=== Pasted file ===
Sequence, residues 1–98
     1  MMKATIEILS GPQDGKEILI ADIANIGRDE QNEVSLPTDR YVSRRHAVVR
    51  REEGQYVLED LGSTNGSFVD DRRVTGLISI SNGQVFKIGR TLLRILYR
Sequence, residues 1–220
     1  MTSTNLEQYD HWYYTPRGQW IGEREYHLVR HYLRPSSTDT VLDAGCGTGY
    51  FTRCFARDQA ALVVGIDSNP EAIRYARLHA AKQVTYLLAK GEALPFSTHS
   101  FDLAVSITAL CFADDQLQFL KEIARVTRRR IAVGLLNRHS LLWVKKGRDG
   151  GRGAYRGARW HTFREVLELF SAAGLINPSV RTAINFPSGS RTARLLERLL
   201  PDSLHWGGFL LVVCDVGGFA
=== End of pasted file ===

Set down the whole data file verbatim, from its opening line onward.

Sequence, residues 1–98
     1  MMKATIEILS GPQDGKEILI ADIANIGRDE QNEVSLPTDR YVSRRHAVVR
    51  REEGQYVLED LGSTNGSFVD DRRVTGLISI SNGQVFKIGR TLLRILYR
Sequence, residues 1–220
     1  MTSTNLEQYD HWYYTPRGQW IGEREYHLVR HYLRPSSTDT VLDAGCGTGY
    51  FTRCFARDQA ALVVGIDSNP EAIRYARLHA AKQVTYLLAK GEALPFSTHS
   101  FDLAVSITAL CFADDQLQFL KEIARVTRRR IAVGLLNRHS LLWVKKGRDG
   151  GRGAYRGARW HTFREVLELF SAAGLINPSV RTAINFPSGS RTARLLERLL
   201  PDSLHWGGFL LVVCDVGGFA